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When are Opium Abusers Most Likely to Relapse?

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If you have recently begun your journey to recovery from opium abuse, you have made an important decision that will change your life and allow you to become the person you want to be. It is also necessary that you prepare for the possible occurrence of relapse – as this is a likely event in the recovery of many individuals – and that you know when are the most dangerous times in which a person is likely to relapse back to opium use.

During Withdrawal

Withdrawal from opioids, although not as severe as the syndromes caused by alcohol, benzodiazepines, or even cocaine, is painful, uncomfortable, and very difficult to weather. According to the National Library of Medicine, “Treatment involves supportive care and medications,” and without this type of help, it can be extremely hard to get through the process of withdrawal. In fact, this is one of the most dangerous times for recovering individuals.

Likely to Relapse

Without the necessary treatment, withdrawal symptoms can make it nearly impossible not to relapse.

Many people turn back to opium abuse because the muscle, joint, and bone pain they experience during withdrawal can be excruciating. People experience these symptoms because the pain-relieving effects of the drug are no longer in their system, and they now have a very low tolerance for pain. However, with treatment that often includes the use of medications (like clonidine, methadone, or buprenorphine) and behavioral therapy, patients can work through this period without relapse. It is much harder to do so, though, without the proper treatments.

After Withdrawal

The time after withdrawal is a dangerous point for relapse to occur. Not only do many opium addicts relapse during this time, but it is also the most likely to be potentially fatal. As stated by the NLM, “Most opiate overdose deaths occur in persons who have just withdrawn or detoxed.” This occurs so often because many opioid addicts withdraw in a treatment center without then going on to addiction treatment.

“Because withdrawal reduces the person’s tolerance to the drug, those who have just gone through withdrawal can overdose on a much smaller dose than they used to take.” This is why individuals who have gone through withdrawal successfully absolutely must follow it up with opium addiction treatment. In this program, the individual will learn to avoid triggers and cope with cravings for the drug so they will not relapse back to abusing it.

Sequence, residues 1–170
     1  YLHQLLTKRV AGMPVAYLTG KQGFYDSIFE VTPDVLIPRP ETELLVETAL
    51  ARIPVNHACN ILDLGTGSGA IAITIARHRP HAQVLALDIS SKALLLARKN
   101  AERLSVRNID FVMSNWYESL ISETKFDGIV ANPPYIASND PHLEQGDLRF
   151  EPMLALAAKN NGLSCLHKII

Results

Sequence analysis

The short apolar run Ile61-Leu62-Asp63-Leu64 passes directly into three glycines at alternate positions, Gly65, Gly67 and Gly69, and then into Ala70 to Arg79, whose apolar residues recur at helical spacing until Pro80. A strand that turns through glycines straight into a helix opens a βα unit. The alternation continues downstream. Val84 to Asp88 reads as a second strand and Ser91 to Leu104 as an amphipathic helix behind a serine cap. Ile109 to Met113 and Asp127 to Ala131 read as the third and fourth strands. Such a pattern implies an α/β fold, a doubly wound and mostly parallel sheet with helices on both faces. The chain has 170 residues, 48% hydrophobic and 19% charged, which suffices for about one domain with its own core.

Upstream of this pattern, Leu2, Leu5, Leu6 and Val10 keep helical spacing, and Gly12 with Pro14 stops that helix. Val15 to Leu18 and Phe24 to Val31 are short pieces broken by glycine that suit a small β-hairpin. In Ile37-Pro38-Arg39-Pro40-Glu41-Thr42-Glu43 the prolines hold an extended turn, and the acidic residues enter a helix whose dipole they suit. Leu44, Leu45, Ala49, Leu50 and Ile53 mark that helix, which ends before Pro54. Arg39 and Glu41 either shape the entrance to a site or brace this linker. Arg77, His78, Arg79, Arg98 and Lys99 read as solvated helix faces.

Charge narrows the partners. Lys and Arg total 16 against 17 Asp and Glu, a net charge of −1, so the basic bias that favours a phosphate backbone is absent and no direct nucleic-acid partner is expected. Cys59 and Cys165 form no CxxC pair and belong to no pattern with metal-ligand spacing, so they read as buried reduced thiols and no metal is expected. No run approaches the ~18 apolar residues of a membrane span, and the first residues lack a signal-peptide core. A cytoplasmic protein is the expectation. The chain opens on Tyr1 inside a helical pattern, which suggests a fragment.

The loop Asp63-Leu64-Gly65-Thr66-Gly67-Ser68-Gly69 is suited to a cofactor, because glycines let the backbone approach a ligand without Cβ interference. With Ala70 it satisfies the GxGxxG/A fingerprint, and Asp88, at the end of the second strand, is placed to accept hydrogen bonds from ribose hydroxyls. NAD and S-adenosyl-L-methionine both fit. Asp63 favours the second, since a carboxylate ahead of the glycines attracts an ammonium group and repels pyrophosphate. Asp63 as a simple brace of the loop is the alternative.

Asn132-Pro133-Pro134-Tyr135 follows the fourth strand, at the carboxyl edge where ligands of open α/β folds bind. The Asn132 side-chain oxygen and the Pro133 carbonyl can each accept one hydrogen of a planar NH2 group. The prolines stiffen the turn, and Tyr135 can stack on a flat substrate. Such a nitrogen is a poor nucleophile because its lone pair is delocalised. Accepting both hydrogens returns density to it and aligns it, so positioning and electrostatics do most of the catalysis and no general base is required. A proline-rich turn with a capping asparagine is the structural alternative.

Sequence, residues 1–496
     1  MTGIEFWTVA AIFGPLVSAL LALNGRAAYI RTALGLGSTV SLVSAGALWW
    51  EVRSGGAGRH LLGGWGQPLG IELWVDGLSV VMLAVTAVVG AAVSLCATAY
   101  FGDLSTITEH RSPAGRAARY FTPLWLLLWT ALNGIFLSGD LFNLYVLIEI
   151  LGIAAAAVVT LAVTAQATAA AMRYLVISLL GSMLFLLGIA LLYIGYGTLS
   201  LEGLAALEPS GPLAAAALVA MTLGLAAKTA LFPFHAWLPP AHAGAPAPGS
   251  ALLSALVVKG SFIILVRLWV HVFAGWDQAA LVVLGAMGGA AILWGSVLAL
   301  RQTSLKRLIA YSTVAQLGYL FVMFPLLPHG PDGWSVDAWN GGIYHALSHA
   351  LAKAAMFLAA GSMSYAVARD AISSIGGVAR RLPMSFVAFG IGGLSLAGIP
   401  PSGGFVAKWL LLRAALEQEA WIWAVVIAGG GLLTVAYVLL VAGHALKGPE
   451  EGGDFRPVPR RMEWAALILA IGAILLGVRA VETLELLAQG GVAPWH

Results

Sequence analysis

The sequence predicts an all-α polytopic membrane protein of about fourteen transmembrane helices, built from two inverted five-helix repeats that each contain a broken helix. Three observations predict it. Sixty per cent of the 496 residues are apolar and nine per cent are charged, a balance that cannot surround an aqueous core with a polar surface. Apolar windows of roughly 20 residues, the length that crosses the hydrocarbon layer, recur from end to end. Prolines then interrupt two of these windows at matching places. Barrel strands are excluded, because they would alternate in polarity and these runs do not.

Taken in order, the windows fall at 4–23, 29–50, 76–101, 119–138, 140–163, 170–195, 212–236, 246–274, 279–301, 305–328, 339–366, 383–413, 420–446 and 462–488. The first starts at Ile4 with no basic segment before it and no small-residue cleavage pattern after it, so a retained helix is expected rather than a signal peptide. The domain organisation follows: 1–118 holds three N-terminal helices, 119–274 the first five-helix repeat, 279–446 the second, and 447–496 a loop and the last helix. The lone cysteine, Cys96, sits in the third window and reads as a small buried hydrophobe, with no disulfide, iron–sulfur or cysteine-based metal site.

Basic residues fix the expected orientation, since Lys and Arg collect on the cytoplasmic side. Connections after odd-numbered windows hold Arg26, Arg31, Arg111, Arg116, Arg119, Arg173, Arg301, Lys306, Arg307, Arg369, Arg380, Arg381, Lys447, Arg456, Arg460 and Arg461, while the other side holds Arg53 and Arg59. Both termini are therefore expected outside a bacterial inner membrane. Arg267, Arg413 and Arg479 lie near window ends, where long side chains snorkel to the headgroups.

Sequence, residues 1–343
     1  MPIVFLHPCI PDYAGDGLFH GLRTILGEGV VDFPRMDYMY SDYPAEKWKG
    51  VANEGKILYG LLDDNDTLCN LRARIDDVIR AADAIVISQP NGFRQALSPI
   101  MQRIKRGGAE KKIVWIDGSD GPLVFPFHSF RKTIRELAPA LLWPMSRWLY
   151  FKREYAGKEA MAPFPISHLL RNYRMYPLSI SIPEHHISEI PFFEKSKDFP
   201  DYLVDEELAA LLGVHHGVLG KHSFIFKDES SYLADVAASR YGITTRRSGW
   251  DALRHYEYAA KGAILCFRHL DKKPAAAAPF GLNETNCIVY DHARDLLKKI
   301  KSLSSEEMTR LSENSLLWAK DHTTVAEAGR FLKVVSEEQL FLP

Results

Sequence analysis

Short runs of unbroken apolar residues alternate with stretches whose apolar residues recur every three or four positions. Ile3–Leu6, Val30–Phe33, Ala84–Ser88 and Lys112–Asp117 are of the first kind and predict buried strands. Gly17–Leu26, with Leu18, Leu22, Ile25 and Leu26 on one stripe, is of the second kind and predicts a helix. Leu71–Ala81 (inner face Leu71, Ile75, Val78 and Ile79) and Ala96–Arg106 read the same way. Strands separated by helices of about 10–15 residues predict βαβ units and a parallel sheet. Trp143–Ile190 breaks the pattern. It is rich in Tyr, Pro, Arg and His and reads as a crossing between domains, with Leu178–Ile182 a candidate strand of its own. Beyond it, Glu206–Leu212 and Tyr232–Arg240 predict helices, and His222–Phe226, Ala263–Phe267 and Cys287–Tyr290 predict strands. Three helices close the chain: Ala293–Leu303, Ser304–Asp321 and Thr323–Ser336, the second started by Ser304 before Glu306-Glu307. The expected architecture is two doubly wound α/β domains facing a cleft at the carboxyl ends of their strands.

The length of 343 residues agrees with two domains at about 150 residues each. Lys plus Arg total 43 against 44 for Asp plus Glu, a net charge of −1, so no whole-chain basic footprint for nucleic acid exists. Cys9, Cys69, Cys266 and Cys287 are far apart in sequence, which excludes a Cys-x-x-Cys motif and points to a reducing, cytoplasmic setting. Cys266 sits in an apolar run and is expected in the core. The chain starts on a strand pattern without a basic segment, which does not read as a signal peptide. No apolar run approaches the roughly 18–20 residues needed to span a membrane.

During General Recovery

When a person is going through recovery, they may not be as likely to experience sudden and severe cravings for the drug as cocaine abusers are, but opium addicts can still relapse during their general recovery, even months or years after they last abused the drug. As stated by the Drug Enforcement Administration, “The opium poppy is the key source for many narcotics, including morphine, codeine, and heroin,” and these drugs exist in abundance. Some people may turn to them when craving opium, so it is very important to tell your doctor that you cannot take any opioid medications in the future.

Opium Detox, Opium Overdose and the Need for Ongoing Opium Addiction Treatment during the Holiday Season

Opium Relapse Can Be Avoided

With the right treatment programs, the foresight to know when opium cravings will hit, and the strength to fight back against them, you can recover from opium abuse and avoid relapse. Call 800-429-5210 (Who Answers?) today, and we will help you find a treatment program in your area.

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Calls to numbers on a specific treatment center listing will be routed to that treatment center. Calls to any general helpline (non-facility specific 1-8XX numbers) could be forwarded to SAMHSA or a verified treatment provider. Calls are routed based on availability and geographic location.

The helpline is free, private, and confidential. There is no obligation to enter treatment. In some cases, could charge a small cost per call, to a licensed treatment center, a paid advertiser, this allows to offer free resources and information to those in need. We do not receive any commission or fee that is dependent upon which treatment provider a caller chooses.

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